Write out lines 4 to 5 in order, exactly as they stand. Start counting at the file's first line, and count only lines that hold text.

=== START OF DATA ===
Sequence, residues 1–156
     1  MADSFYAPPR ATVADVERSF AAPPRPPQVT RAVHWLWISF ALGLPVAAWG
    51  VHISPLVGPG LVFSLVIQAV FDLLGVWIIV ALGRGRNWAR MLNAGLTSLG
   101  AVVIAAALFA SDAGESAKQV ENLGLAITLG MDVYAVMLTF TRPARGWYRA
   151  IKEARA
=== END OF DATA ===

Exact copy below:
   101  AVVIAAALFA SDAGESAKQV ENLGLAITLG MDVYAVMLTF TRPARGWYRA
   151  IKEARA